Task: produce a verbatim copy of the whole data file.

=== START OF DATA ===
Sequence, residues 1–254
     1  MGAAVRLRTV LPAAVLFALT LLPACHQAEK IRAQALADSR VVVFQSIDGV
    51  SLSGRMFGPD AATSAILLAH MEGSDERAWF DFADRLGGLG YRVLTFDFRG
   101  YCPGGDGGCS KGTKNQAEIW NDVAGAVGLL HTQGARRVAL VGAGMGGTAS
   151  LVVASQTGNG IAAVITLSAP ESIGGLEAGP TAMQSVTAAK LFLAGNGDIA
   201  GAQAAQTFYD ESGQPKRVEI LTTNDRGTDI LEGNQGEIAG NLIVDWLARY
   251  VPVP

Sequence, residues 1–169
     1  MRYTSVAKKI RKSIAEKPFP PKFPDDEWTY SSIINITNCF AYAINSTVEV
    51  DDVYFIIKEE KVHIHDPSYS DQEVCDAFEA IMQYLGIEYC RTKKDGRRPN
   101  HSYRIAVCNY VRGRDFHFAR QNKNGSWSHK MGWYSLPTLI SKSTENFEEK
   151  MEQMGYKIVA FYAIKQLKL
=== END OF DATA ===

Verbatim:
Sequence, residues 1–254
     1  MGAAVRLRTV LPAAVLFALT LLPACHQAEK IRAQALADSR VVVFQSIDGV
    51  SLSGRMFGPD AATSAILLAH MEGSDERAWF DFADRLGGLG YRVLTFDFRG
   101  YCPGGDGGCS KGTKNQAEIW NDVAGAVGLL HTQGARRVAL VGAGMGGTAS
   151  LVVASQTGNG IAAVITLSAP ESIGGLEAGP TAMQSVTAAK LFLAGNGDIA
   201  GAQAAQTFYD ESGQPKRVEI LTTNDRGTDI LEGNQGEIAG NLIVDWLARY
   251  VPVP

Sequence, residues 1–169
     1  MRYTSVAKKI RKSIAEKPFP PKFPDDEWTY SSIINITNCF AYAINSTVEV
    51  DDVYFIIKEE KVHIHDPSYS DQEVCDAFEA IMQYLGIEYC RTKKDGRRPN
   101  HSYRIAVCNY VRGRDFHFAR QNKNGSWSHK MGWYSLPTLI SKSTENFEEK
   151  MEQMGYKIVA FYAIKQLKL